Till death do us part. (Supermarket etiquette. Part Three)

Now that I have guided you through the etiquette for the supermarket car park and for taking yourself up the aisle it is time to approach the supermarket till and all of the etiquette risks that it holds.

With the advent of self service tills, decision making has become a little more difficult when choosing which till to use. I’m a traditionalist and like to keep people in a job so prefer a manned till but the simple rule of thumb is, if you have a basket, self service, if you have a trolley, use the manned tills.

If you have a basket and a manned till is free, feel free to use it but never approach a self service till with a trolley. You will rightly be mocked by staff and general public alike. Worse still are the people who think it is acceptable to approach the newsagent stand or the customer service till with their basket of goods. What makes you so special that you can go around breaking all the rules?

Once you have decided on type of till, you need to decide on which one. From hereon in, I’m going to assume that you have a trolley because, lets be honest, the people who use self service tills are usually shoplifters hoping to put a bottle of champagne through as a tin of peas. (Contact me separately if you would like to know how to do this.)

The main variables when choosing your queue is number of people in it, amount of goods in their trolley and the ‘type’ of person in the queue.

There are various types who will hold up the queue, many who I will mention later but the main culprit is the pensioner. It may be ageist but it’s a fact. If you get stuck behind three elderlies each with a full trolley, your hummus will have passed its sell by date before you get through the checkout.

You may also want to consider who is on the till. If you are a regular in a particular supermarket you will get to know who is best.

My local Sainsbury’s used to have extremes. There was one lass who was unremittingly cheerful, always had a smile and a chat. She wanted to know what you were up to and would give you forensic detail on what you were buying. Another was an elderly cynic who moaned about the advent of the self service tills, would sigh at the Nectar vouchers spewing out of the machine and delivered the Sainsbury’s script with a level of sarcasm any teenager would be proud of.

I chose the misery every time. I don’t pay my money to listen to someone so cheerful that she must be off her tits on drugs. The cheery bugger no longer works there and rightly so.

At busy times you also run the risk of choosing the till manned by the lad who usually spends his days smashing trollies into your car. Be warned, he will offer the same level of care and attention to your eggs and your lemon meringue.

If you have a trolley full and someone is behind you with just a couple of items, it is nice for you to offer for them to go ahead of you. It is by no means a rule but it will give you a nice fuzzy feeling inside.

On the other hand, if you are the person with the couple of items, at no point is it acceptable for you to ask to go ahead. It is a queue, it is there for a reason.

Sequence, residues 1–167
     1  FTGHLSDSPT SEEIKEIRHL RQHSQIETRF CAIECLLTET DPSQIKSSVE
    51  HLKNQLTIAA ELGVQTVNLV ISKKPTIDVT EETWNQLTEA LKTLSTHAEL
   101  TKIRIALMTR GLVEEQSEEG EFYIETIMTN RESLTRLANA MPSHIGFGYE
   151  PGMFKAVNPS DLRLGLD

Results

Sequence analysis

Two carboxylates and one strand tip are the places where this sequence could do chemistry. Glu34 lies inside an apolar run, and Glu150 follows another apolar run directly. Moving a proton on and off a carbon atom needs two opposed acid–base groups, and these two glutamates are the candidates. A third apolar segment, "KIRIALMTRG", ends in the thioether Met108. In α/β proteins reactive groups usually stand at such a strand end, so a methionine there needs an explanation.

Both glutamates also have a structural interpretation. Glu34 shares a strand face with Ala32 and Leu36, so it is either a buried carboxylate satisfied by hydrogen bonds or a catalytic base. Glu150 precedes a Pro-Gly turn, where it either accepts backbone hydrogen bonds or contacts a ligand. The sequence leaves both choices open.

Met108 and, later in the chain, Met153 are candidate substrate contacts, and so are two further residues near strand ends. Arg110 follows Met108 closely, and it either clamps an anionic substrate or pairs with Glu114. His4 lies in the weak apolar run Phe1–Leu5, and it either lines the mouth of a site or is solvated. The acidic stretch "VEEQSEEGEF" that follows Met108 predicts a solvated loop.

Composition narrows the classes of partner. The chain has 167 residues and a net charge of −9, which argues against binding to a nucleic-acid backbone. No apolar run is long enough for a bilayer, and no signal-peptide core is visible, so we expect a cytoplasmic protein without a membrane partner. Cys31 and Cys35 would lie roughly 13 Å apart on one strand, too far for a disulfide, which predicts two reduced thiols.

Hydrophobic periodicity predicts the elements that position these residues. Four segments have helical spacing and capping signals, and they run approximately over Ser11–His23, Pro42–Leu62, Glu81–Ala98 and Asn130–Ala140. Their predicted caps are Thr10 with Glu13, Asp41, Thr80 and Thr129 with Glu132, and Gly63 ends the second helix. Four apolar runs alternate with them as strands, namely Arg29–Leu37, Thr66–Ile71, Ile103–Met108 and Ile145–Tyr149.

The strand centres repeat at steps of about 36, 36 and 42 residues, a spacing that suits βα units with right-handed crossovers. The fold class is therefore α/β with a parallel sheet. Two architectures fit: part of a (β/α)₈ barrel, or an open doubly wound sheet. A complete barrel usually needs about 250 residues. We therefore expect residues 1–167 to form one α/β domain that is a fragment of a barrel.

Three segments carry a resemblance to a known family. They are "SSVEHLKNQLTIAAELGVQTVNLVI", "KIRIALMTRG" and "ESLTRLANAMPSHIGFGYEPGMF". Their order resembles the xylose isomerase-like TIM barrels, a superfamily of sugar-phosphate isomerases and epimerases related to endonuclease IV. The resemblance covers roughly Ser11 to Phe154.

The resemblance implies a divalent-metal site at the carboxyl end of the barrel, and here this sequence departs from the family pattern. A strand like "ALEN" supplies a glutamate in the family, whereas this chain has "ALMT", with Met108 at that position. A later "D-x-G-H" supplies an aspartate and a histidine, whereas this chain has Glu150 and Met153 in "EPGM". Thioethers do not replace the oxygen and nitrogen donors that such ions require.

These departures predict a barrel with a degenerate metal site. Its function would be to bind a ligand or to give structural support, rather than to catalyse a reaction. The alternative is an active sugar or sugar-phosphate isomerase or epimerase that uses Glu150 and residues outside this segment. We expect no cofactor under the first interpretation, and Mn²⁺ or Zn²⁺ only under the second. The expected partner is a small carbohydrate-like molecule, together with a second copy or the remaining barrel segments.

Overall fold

Once you are in the queue, that is it. There is no running off to get some items you have forgotten even if you leave your husband looking clueless with the trolley. The till operator is not there to answer questions. If you want to know something about an item, ask one of the hundreds of members of staff milling around. If the assistance light starts flashing above the till you are at, that is the light of embarrassment and you should be ashamed.

Being in the same queue as someone does not give you the right to speak to them unless you know them. If you lurk about in supermarket queues hoping to make friends, you are a wrong un.

With the advent of cameras on phones, it is tempting to take photos of your fellow shopper’s goods. Unfortunately this is unacceptable as much as I have wanted to do it myself. I once saw a bloke buy three giant tins of Mega Peas and two packs of anti diarrhoea tablets. There was a man who was planning ahead.

I also once bumped into a very close friend of mine who was buying a litre of vodka and a pair of Marigolds. I think she was in for a good night.

My final bit of supermarket advice is to learn how to pack your bags efficiently. If some children are offering to pack your bags, just go with it. I don’t want to pay for their holiday to Kilimanjaro any more than you do but it’s only a quid. Yes, they will break your eggs and squash your bread but that’s the price you pay for not being shamed publicly as a tightwad.

Different supermarkets have different rules on packing. I once got caught out by the Aldi ‘pelt everything into the trolley’ rule and didn’t realise I had to pack the bags elsewhere. It’s not a mistake I will make twice.

Have your bags ready, heavy items should be put on the conveyor-belt first so they go to the bottom of the bags and then light stuff on top.

If you haven’t brought your own bags, they cost 5p. They have done for ages, it is the law. If you are going to twist and moan about or try and get round it, I’m going to buy a ‘bag for life’ myself and suffocate you with it.

I trust my gudes to the supermaket have been helpful.

Happy shopping!

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